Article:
“Aunt Mabel looks different”. My mom’s sister was born in the 1930’s, well before special education law went into effect. A child that was born at home, after a long delivery on my grandmother’s part.  A child that, due to reasons I’m really not sure about, was born intellectually disabled. I understand that the doctor told my grandmother to just put her in an institution. She wouldn’t amount to anything. My grandmother refused and my Aunt Mabel went on to live a happy life. A simple life by a lot of people’s standards…but, it suited her fine. She brought a lot of joy to her family in her own way, and when she passed away a few years ago, in her 70’s, a hole was left in the hearts of those who loved her. Although my aunt wasn’t my student, she was my first understanding of “special education” and I learned a lot from her.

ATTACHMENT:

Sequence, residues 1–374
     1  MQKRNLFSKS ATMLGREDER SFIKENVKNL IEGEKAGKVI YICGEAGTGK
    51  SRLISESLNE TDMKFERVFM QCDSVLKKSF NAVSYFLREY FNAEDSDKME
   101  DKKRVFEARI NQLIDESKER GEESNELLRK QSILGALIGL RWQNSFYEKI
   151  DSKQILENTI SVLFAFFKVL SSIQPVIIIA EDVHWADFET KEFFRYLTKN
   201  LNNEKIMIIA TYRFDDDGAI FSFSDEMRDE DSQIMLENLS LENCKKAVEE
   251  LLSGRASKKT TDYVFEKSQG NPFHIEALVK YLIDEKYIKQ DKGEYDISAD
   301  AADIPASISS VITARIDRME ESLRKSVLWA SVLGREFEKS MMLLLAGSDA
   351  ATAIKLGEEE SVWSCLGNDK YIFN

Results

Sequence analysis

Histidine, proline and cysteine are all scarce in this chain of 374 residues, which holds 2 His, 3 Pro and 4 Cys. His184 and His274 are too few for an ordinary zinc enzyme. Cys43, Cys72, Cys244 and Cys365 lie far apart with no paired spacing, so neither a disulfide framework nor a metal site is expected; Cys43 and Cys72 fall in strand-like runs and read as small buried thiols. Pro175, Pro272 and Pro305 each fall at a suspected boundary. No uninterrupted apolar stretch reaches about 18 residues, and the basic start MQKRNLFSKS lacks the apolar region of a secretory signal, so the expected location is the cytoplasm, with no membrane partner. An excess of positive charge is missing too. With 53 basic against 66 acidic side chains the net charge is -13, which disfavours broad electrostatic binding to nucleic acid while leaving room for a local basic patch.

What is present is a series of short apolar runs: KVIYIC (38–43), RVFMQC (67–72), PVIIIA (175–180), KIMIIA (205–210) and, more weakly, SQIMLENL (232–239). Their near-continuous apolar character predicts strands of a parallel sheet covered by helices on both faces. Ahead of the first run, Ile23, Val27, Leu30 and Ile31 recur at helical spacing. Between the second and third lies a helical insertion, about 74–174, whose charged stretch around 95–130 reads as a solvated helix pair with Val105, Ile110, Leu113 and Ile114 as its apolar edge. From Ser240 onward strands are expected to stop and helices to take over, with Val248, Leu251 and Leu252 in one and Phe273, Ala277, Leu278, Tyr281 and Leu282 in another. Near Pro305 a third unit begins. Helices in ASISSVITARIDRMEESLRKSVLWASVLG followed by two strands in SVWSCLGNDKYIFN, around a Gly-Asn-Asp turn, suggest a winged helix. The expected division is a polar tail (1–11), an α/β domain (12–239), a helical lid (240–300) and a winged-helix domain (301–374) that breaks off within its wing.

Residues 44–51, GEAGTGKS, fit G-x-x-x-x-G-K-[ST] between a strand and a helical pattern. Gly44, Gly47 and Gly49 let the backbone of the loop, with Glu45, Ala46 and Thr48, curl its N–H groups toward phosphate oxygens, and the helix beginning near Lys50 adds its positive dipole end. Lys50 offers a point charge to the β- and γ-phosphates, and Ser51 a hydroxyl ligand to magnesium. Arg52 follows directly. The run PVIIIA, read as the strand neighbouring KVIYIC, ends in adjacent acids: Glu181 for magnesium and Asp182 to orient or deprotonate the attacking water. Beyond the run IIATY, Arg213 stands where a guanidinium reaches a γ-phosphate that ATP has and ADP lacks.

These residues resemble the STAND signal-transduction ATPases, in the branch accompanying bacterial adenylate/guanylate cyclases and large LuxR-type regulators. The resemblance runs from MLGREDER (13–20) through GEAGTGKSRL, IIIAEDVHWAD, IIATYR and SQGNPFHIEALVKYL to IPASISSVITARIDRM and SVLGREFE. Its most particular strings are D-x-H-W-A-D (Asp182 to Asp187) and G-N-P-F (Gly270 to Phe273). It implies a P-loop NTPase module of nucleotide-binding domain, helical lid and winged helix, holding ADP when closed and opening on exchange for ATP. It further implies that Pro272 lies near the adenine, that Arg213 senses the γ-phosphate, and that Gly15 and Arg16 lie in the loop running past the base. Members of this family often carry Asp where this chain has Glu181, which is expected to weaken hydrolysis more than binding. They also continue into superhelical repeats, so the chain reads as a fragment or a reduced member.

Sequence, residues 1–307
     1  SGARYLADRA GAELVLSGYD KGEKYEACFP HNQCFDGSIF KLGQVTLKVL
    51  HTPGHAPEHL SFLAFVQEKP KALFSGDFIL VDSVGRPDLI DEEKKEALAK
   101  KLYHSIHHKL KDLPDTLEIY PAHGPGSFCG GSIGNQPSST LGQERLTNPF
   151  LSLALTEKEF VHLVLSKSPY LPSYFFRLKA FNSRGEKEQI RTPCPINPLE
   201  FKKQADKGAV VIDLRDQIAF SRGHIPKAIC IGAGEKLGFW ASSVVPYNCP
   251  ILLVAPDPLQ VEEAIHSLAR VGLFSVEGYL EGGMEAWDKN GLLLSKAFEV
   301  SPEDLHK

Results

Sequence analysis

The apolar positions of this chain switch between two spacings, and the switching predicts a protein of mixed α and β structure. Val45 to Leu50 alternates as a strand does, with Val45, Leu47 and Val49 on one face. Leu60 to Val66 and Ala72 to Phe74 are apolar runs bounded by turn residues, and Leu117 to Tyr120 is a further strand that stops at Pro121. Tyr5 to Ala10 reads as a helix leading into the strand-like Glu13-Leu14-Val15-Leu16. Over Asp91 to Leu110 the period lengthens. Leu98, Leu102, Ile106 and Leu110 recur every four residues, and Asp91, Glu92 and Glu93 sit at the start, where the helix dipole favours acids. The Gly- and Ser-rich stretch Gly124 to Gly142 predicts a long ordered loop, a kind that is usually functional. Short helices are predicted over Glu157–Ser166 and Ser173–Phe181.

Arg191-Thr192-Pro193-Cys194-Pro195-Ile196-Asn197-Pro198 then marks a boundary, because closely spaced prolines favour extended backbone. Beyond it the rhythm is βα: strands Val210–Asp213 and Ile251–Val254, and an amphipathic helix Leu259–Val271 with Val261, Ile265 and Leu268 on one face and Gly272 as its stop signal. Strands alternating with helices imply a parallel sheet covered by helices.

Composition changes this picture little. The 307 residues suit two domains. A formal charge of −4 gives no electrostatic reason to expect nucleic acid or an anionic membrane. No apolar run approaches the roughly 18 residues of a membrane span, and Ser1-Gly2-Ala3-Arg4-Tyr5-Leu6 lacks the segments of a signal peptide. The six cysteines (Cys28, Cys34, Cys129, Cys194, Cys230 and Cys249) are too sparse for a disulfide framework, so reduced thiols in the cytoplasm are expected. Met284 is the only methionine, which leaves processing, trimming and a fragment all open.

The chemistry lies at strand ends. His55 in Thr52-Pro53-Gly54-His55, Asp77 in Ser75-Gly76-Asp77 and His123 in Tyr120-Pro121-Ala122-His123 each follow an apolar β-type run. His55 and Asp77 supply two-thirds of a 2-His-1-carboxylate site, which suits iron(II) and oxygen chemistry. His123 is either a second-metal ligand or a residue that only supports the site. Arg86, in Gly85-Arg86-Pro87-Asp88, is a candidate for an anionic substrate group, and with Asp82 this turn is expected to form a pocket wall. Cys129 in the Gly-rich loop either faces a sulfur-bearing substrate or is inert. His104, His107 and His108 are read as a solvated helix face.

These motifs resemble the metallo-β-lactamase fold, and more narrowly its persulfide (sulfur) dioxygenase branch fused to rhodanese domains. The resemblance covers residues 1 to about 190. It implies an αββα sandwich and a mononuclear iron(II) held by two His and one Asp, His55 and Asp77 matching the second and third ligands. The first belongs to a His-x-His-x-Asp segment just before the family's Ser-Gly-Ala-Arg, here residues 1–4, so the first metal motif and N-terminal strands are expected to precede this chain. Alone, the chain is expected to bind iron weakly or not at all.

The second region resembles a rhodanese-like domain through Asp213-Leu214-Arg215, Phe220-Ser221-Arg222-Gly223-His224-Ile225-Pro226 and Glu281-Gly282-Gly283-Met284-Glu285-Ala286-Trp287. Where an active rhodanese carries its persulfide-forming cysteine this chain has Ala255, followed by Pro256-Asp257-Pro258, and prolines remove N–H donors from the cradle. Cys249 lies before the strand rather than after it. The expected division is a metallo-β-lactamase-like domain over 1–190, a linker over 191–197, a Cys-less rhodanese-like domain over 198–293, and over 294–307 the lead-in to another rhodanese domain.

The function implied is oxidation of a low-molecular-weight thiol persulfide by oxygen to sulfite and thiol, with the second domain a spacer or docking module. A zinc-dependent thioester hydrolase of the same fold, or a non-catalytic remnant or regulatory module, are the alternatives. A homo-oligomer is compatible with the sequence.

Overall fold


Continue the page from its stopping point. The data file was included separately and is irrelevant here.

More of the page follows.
At the beginning of my senior year of high school I had almost enough credits to graduate. I was able to take a couple classes in the morning and by ten o’clock I was on my way to the elementary school next door to complete my independent study at their special education preschool. It was a good year. That was the year I met Joey. Joey was non-verbal, in a wheelchair, and he had seizures. He was the ripe old age of five, but he was full of personality. Those who think that you have to talk to communicate have never met this little guy. He laughed and smiled…and it was contagious. Joey taught me a lot about laughter that year. He also taught me about having a servant’s heart. He depended on me to move him from his chair to the floor–and to do that gently. He taught me how to deal with pain. Joey had a major seizure one day, unfortunately he bit his tongue–hard. I know it hurt, and I was helpless to do anything. His jaws were locked down and there was not much to do until the seizure was over. I learned to put myself in his place, and think about how I would want to be treated…even if I didn’t have the words.